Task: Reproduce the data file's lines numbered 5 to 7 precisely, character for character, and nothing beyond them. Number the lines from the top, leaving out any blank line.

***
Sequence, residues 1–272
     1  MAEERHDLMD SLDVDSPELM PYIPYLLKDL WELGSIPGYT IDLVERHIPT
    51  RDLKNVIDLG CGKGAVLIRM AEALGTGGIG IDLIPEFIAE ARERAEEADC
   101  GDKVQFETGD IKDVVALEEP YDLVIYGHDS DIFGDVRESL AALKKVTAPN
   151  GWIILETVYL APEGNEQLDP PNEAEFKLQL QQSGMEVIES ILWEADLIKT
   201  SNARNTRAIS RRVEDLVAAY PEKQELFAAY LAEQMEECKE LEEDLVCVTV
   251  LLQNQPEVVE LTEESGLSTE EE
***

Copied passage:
   151  GWIILETVYL APEGNEQLDP PNEAEFKLQL QQSGMEVIES ILWEADLIKT
   201  SNARNTRAIS RRVEDLVAAY PEKQELFAAY LAEQMEECKE LEEDLVCVTV
   251  LLQNQPEVVE LTEESGLSTE EE